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C wcstombs() function

C wcstombs() function - Convert a wide-character string to a character string

Syntax wcstombs() function

size_t wcstombs(char *str, const wchar_t *pwcs, size_t n)

The wcstombs() function is used to convert the wide-character string pointed to by string into the multibyte array pointed to by str.

Parameters wcstombs() function

Name Description Required /Optional
str This is the pointer to an array of char elements at least n bytes long. Required
pwcs This is wide-character string to be converted. Required
n This is the maximum number of bytes to be written to str. Required

Return value from wcstombs()

  • If a wide-character code is encountered that does not correspond to a valid character, wcstombs() shall return (size_t)-1.
  • Otherwise, the function returns the number of bytes stored in the character array, not including any terminating null byte.

Example: wcstombs() function

The following example shows the usage of wcstombs() function.

/*Source:https://www.ibm.com/docs/en*/
#include <stdio.h>
#include <stdlib.h>
#include <locale.h>
#include <wchar.h>
#include <memory.h>
#define  STRLENGTH   10
#define  LOCNAME     "qsys.lib/JA_JP.locale"
#define  LOCNAME_EN  "qsys.lib/EN_US.locale"
int main(void)
{
    char string[STRLENGTH];
    int length, sl = 0;
    wchar_t   wc2[] = L"XYZ";
    wchar_t  wc_string[10];
    mbstate_t ps = 0;
    memset(string, '\0', STRLENGTH);
    wc_string[0] = 0x00C1;
    wc_string[1] = 0x4171;
    wc_string[2] = 0x4172;
    wc_string[3] = 0x00C2;
    wc_string[4] = 0x0000;
    /* In this first example we will convert a wide character string */
    /* to a single byte character string.  We first set the locale   */
    /* to a single byte locale.  We choose a locale with             */
    /* CCSID 37.                                                     */
    if (setlocale(LC_ALL, LOCNAME_EN) == NULL)
        printf("setlocale failed.\n");
    length = wcstombs(string, wc2, 10);
    /* In this case wide characters ABC are converted to */
    /* single byte characters ABC, length is 3.   */
    printf("string = %s, length = %d\n\n", string, length);
    /* Now lets try a multibyte example.  We first must set the */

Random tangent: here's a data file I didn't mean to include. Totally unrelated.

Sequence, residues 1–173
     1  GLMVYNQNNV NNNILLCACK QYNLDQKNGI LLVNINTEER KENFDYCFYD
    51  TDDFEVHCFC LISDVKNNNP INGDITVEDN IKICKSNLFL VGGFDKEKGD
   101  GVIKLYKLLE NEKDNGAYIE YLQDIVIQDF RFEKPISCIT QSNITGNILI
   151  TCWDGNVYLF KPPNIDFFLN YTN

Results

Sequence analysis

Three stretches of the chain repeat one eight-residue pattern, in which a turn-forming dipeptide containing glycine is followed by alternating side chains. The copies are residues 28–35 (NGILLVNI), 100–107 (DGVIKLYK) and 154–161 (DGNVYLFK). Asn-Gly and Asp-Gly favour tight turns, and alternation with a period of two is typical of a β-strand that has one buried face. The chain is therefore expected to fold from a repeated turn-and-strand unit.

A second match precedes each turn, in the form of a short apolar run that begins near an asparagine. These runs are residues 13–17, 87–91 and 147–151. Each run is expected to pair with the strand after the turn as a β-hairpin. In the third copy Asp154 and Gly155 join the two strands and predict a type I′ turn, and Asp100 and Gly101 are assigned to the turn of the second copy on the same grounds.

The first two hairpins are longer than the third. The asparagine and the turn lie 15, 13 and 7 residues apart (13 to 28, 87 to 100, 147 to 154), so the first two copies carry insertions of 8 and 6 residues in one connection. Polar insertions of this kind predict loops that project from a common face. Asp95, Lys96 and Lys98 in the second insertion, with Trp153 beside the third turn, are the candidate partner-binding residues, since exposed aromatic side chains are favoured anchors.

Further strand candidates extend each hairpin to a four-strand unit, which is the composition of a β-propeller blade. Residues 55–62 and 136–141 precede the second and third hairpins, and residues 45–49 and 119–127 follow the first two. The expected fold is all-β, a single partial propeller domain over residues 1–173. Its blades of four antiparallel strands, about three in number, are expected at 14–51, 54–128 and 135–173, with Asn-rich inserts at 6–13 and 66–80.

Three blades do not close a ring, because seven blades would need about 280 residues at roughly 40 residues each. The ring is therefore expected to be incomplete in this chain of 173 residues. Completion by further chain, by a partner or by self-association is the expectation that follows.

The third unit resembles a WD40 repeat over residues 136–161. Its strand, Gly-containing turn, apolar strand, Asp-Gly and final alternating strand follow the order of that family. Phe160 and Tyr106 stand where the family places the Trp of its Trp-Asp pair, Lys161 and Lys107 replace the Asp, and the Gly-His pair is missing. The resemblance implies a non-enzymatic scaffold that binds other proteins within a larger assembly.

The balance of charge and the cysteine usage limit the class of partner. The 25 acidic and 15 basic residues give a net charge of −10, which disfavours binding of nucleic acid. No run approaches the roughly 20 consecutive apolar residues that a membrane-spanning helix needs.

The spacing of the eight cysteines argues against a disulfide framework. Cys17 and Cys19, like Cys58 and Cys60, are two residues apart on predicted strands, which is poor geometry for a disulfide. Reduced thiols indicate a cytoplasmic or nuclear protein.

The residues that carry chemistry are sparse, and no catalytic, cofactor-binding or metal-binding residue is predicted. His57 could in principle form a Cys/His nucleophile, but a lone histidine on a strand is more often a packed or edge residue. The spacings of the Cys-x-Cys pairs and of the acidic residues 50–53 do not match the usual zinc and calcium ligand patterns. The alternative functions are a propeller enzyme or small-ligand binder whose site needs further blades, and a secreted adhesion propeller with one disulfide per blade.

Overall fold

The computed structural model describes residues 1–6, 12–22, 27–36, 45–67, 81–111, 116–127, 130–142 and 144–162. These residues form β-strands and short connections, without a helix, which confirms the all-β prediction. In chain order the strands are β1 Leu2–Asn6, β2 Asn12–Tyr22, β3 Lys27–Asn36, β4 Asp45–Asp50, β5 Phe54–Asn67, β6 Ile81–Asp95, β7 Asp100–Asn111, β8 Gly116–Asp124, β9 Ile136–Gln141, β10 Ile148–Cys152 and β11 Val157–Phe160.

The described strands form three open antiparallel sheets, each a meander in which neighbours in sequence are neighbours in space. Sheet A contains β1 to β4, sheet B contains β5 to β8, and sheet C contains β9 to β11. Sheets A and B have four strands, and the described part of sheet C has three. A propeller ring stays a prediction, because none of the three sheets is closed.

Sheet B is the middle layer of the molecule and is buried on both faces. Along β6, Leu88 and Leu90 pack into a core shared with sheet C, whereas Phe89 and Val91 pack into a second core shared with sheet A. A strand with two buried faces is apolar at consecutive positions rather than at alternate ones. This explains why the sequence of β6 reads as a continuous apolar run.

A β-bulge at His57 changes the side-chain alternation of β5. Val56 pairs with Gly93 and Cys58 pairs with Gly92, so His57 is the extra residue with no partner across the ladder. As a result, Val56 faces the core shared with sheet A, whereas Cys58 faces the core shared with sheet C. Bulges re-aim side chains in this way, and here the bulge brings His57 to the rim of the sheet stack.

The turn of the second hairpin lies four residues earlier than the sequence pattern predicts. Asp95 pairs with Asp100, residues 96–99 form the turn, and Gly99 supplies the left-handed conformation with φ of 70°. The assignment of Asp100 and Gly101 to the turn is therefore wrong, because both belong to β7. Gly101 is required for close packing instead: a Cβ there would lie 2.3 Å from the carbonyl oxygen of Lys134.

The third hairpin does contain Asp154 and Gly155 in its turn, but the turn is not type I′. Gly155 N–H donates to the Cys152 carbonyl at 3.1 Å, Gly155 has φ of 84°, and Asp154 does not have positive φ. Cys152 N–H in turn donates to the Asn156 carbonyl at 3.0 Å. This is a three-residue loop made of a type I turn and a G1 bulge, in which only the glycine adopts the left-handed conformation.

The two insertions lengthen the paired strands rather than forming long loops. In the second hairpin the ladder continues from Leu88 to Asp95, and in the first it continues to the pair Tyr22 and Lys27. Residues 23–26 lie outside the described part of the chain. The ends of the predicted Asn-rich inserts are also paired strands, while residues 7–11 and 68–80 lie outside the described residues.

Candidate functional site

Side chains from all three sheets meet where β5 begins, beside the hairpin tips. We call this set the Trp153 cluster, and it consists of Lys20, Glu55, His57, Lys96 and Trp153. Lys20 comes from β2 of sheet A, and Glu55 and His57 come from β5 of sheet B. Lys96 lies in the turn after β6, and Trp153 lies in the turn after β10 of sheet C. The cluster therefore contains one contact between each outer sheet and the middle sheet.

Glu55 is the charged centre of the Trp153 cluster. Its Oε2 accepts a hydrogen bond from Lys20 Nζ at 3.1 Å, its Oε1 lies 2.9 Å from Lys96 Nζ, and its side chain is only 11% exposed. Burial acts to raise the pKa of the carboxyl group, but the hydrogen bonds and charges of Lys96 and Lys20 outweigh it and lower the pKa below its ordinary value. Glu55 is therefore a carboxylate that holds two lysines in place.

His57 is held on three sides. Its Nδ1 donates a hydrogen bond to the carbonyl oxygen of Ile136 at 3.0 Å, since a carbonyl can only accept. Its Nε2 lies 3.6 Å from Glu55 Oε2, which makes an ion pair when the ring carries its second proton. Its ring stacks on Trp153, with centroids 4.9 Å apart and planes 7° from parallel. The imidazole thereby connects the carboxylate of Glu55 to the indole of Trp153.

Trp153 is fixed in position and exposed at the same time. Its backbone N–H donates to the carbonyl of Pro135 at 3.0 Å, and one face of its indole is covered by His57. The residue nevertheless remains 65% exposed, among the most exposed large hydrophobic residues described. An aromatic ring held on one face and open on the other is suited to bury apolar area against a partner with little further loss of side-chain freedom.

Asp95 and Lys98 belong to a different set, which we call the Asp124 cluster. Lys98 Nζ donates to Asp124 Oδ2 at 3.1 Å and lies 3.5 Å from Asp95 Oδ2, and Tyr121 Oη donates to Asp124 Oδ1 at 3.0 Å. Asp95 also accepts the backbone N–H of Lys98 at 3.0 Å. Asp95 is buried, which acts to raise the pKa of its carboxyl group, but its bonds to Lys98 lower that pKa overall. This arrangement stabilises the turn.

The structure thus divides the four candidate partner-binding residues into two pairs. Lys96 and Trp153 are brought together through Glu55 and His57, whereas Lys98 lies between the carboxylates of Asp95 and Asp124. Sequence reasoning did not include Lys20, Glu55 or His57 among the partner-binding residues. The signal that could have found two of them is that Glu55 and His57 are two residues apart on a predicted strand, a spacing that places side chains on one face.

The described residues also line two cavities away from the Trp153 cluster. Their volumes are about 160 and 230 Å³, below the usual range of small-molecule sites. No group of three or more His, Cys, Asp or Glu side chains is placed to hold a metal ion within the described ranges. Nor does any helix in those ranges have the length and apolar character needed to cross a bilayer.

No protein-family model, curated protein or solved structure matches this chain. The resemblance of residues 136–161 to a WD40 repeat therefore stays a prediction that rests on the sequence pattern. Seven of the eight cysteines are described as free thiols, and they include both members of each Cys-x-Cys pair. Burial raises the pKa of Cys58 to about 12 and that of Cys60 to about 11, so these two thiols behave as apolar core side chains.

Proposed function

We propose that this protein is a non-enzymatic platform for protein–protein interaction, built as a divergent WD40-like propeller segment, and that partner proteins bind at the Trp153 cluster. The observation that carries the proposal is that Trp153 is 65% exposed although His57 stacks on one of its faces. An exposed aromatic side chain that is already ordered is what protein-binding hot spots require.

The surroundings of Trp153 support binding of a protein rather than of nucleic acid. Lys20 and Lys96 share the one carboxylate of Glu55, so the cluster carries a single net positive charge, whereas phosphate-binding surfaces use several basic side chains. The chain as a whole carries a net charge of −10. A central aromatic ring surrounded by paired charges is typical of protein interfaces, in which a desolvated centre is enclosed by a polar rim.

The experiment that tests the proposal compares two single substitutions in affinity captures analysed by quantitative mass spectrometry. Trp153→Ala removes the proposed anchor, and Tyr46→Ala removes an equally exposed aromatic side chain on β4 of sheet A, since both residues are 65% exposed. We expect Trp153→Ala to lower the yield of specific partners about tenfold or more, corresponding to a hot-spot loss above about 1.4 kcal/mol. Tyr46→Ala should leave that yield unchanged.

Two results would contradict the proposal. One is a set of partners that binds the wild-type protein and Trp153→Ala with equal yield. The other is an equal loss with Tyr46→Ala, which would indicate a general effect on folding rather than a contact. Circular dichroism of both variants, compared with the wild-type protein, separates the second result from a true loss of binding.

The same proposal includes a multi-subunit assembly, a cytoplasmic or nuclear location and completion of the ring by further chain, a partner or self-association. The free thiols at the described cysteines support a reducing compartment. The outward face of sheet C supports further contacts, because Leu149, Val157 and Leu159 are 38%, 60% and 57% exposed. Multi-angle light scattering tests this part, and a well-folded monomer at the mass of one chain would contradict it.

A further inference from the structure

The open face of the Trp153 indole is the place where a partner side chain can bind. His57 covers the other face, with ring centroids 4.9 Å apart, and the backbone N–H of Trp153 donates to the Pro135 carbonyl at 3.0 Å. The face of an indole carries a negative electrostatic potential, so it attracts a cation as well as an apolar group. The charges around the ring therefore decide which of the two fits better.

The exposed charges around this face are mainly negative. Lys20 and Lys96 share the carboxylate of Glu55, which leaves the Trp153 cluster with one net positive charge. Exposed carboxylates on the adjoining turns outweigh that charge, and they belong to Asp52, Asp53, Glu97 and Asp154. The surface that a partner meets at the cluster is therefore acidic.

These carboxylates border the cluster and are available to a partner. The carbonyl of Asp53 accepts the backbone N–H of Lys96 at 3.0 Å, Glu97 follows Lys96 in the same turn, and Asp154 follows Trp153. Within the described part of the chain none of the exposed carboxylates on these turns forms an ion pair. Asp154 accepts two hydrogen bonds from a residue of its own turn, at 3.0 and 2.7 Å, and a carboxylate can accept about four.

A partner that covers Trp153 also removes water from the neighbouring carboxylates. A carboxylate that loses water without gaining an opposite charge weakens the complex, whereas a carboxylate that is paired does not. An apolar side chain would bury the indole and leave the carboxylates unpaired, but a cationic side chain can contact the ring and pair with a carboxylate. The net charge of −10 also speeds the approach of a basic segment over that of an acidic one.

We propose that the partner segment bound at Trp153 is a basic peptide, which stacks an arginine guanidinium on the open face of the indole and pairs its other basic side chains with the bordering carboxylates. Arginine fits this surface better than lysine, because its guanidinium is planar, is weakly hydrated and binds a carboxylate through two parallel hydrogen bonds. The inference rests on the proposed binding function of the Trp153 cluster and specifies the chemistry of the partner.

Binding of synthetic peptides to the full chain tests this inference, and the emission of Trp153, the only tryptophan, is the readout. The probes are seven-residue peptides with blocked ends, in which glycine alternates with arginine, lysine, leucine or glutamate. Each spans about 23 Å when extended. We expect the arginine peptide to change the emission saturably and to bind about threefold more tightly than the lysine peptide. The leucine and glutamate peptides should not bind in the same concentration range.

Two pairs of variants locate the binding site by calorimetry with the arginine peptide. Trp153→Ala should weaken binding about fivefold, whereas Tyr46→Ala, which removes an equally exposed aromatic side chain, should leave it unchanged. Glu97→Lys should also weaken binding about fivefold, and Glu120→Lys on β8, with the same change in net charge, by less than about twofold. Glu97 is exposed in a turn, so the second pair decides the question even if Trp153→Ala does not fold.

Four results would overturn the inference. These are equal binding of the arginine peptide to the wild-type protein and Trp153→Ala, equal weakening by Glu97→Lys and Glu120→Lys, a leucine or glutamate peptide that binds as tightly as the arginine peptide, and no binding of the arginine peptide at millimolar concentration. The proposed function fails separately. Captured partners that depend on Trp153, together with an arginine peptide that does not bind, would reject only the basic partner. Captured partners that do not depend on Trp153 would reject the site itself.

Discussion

/* locale to a multibyte locale.  We choose a locale with     */
    /* CCSID 5026  */
    if (setlocale(LC_ALL, LOCNAME) == NULL)
        printf("setlocale failed.\n");
    length = wcstombs(string, wc_string, 10);
    /* The hex look at string would now be:                    */
    /* C10E417141720FC2   length will be 8                     */
    /* You would need a device capable of displaying multibyte */
    /* characters to see this string.                          */
    printf("length = %d\n\n", length);
}

N.B.: This code is executed in windows 10

Output:

setlocale failed.
string = XYZ, length = 3
setlocale failed.
length = -1

C Programming Code Editor:

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C Programming: Tips of the Day

What's the point of const pointers?

const is a tool which you should use in pursuit of a very important C++ concept:

Find bugs at compile-time, rather than run-time, by getting the compiler to enforce what you mean.

Even though it does not change the functionality, adding const generates a compiler error when you're doing things you didn't mean to do. Imagine the following typo:

void foo(int* ptr)
{
    ptr = 0;// oops, I meant *ptr = 0
}

If you use int* const, this would generate a compiler error because you're changing the value to ptr. Adding restrictions via syntax is a good thing in general. Just don't take it too far -- the example you gave is a case where most people don't bother using const.

Ref : https://bit.ly/33Cdn3Q